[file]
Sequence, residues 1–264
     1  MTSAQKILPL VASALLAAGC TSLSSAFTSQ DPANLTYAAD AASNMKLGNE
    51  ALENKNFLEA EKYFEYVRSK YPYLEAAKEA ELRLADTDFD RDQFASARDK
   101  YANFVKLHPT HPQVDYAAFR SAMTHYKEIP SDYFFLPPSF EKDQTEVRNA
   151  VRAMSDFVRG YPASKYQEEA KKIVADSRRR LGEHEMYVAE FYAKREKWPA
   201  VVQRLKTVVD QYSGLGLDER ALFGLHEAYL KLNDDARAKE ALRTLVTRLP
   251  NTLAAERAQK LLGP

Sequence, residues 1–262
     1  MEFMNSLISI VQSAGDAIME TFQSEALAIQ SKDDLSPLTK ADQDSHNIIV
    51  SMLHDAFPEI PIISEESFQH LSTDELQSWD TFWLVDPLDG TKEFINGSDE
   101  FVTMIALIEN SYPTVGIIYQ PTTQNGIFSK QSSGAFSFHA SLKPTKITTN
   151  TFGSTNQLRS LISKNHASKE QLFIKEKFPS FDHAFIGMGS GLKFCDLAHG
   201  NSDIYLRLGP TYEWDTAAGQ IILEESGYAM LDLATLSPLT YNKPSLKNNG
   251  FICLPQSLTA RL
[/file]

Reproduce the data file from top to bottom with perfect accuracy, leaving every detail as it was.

Sequence, residues 1–264
     1  MTSAQKILPL VASALLAAGC TSLSSAFTSQ DPANLTYAAD AASNMKLGNE
    51  ALENKNFLEA EKYFEYVRSK YPYLEAAKEA ELRLADTDFD RDQFASARDK
   101  YANFVKLHPT HPQVDYAAFR SAMTHYKEIP SDYFFLPPSF EKDQTEVRNA
   151  VRAMSDFVRG YPASKYQEEA KKIVADSRRR LGEHEMYVAE FYAKREKWPA
   201  VVQRLKTVVD QYSGLGLDER ALFGLHEAYL KLNDDARAKE ALRTLVTRLP
   251  NTLAAERAQK LLGP

Sequence, residues 1–262
     1  MEFMNSLISI VQSAGDAIME TFQSEALAIQ SKDDLSPLTK ADQDSHNIIV
    51  SMLHDAFPEI PIISEESFQH LSTDELQSWD TFWLVDPLDG TKEFINGSDE
   101  FVTMIALIEN SYPTVGIIYQ PTTQNGIFSK QSSGAFSFHA SLKPTKITTN
   151  TFGSTNQLRS LISKNHASKE QLFIKEKFPS FDHAFIGMGS GLKFCDLAHG
   201  NSDIYLRLGP TYEWDTAAGQ IILEESGYAM LDLATLSPLT YNKPSLKNNG
   251  FICLPQSLTA RL